Rate Increase: Mixed feelings Continued from page 1
Food Assistant director. “[We needed] to address increased fixed costs while continuing to make needed improvements to our facilities and maintaining high-quality services,” Buchanan said. Despite the increased costs, Buchanan said that OU has consistently been among the lowest three in terms of Housing and Food Services’ costs. The rate increase will not affect OU’s ranking significantly, and even with the increase they are eighth out of the 10 Big 12 universities in terms of residence hall housing rates. For a double dormitory in one of the residence towers, the price is increased by $95. The mandatory $30 laundry charge will be used to buy new washers and dryers, as well as fund improvements to the residence halls’ laundry facilities, Buchanan said. Currently, the laundry facilities in the
residence halls require Sooner Sense payments for each load at $1.50 for washers and $1.25 for dryers. Housing and Food services generates over $80,000 per semester through laundry services, Buchanan said. For some students, the current Sooner Sense system for laundry led them to find cheaper laundry facilities elsewhere. “I think this [current] system is OK, because I avoid it,” biology junior Daniel Pons said. “I like that you can add more Sooner Sense, but I just do my laundry at a friend’s house.” However, some students think that the cost of free laundry outweighs the benefits. “I only spent like $35 on laundry last semester,” University College freshman Alex Owens said. “I like using Sooner Sense better than using actual money. And it costs a lot to live here already.” Mike Brestovansky, email@example.com
Caitlin Schachter, firstname.lastname@example.org
Taylor Bolton/The Daily
Dr. Christina Warinner (left), Research Associate in the Department of Anthropology and Jessica Hendy, visiting graduate student from the University of York use a thermal cycler on Thursday evening at the Stephenson Research and Technology Center. A thermal cycler is a DNA amplification device that makes copies of DNA so researchers can analyze them.
Medieval mouths similar to ours Cleaner teeth don’t mean fewer germs Caitlin Schachter Campus Reporter
People living in the Medieval period didn’t eat processed foods or have toothbrushes, but their mouths — more specifically their dental plaque — did have similar disease-causing bacteria as people do today. O U re s e a rc h e r s hav e found that Germans during the Medieval period have similar inflammatory disease-causing bacteria in their calculus extracts as modern-day humans, despite advanced hygiene practices. Christina Warinner, research associate in the Molecular Anthropologies Laboratories in the OU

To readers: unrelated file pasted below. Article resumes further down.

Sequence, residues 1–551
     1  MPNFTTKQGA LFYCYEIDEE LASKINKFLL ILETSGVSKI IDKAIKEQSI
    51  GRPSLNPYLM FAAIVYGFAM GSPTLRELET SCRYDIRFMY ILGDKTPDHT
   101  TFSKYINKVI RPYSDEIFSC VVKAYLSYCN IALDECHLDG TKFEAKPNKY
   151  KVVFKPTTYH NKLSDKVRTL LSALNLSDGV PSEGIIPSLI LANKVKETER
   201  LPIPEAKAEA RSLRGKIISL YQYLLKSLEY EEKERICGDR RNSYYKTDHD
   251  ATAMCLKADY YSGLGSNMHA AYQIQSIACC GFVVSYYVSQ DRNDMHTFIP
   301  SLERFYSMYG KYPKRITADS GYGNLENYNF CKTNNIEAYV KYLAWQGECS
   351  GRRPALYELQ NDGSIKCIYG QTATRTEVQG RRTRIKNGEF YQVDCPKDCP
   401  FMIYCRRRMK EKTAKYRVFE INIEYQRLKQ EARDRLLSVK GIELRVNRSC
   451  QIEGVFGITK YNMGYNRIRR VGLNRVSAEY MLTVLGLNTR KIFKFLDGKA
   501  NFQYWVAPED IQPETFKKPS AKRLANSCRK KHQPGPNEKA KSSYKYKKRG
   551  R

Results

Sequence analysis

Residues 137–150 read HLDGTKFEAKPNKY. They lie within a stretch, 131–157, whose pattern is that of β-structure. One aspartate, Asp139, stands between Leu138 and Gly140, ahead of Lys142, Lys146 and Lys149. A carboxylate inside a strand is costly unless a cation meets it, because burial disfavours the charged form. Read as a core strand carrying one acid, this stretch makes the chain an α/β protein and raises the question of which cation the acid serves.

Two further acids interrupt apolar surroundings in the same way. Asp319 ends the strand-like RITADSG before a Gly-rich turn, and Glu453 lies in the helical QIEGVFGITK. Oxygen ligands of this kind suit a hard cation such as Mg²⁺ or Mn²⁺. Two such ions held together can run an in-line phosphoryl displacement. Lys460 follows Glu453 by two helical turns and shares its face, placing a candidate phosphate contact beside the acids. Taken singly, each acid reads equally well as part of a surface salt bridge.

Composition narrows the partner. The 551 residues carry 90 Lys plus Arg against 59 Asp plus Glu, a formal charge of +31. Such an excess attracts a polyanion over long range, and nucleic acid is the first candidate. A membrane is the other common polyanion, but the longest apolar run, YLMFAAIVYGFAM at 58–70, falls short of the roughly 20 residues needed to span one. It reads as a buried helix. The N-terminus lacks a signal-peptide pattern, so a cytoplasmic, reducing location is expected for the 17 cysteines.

College of Arts and Sciences, and a team of international experts found 2,000 different kinds of bacteria that cause Periodontitis, which makes teeth recede, in specimens preserved for around 1,000 years. The calculus extracts the researchers looked at contained bits of food and repository bacteria, and from there, Warriner and her team were able to conclude it’s similar to the kind in people’s mouths today. Warinner and her team looked at the Medieval period for their research because she knew what those people were eating, she said. “We knew what those people back then had been eating and wanted to choose a population with no rapid change to interpret,” Warinner said. When researchers look
at dental calculus, they can learn about health and disease and also reconstruct different aspects of someone’s life history and activities, Warinner said. “What makes studying dental calculus different is that you can find out information about that person’s body that is reliable,” Warinner said. Warinner said that the plaque acts as a long-term reservoir for the oral microbiome, or the sum total of all the bacteria, and acts as a trap for dietary and environmental debris. “Never before have we been able to retrieve so much information from one small sample,” Warriner said. Caitlin Schachter email@example.com
Friday, March 28, 2014 •
Sooners turn over a new leaf by planting trees
TAYLOR BOLTON/THE DAILY
TAYLOR BOLTON/THE DAILY
Left to right: University College freshmen Jay Snyder, Saleena Chaudry and Christina Newcomb dig deep on Thursday afternoon at OU’s Duck Pond to plant trees for OU’s Arbor Day celebration. During the event, students and facilities management workers planted 60 trees.
Students feet line the edges of a freshly dug hole on Thursday afternoon at OU’s Duck Pond.
CONSTRUCTION: Renovations vital, overdue Continued from page 1
TAYLOR BOLTON/THE DAILY
Left to right: Psychology junior Neal Walia, Psychology sophomore Grace Aguilera and economics sophomore Asheema Pruthi dig a hole for a tree on Thursday afternoon at OU’s Duck Pond while an OU facilities managment worker holds the tree behind them.
disgusting,” Crisp said. “You can tell it’s really worn down.” Instead of using stall doors in the bathrooms, some of Kaufman Hall’s bathrooms have to use curtains. “Anything they do will make the campus look better,” Crisp said. Allyson McNitt, medieval studies graduate student, said cosmetic improvements to Gittinger Hall’s chipped, run-down hallways would be nice, but her priority would be